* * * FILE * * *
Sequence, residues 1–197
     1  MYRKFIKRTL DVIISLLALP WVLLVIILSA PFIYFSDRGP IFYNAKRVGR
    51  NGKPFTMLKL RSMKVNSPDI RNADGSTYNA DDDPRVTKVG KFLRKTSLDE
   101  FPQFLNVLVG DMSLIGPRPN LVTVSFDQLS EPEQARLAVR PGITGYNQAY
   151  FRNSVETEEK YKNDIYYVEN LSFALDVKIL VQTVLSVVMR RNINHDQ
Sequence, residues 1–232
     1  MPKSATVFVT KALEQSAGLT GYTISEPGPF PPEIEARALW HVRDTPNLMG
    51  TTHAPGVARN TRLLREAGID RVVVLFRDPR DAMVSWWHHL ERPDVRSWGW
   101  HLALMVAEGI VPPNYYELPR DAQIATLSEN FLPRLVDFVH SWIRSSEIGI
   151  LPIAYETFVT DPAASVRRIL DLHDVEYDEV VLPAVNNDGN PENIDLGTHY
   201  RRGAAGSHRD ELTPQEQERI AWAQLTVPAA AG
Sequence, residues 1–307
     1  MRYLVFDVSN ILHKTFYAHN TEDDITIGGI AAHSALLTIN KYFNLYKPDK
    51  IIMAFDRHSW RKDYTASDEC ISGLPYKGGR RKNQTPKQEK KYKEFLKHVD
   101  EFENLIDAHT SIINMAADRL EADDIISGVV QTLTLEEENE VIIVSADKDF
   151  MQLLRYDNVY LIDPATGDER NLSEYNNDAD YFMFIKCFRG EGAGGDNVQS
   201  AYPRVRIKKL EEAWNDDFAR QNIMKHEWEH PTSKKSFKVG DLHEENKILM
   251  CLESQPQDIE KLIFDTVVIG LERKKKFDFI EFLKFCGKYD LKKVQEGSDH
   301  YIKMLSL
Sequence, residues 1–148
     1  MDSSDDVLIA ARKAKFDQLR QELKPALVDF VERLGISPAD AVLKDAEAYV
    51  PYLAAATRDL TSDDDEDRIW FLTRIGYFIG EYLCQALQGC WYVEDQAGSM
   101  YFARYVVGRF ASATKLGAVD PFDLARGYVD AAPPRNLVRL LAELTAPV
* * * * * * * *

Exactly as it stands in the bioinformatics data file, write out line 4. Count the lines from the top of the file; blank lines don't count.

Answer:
   101  FPQFLNVLVG DMSLIGPRPN LVTVSFDQLS EPEQARLAVR PGITGYNQAY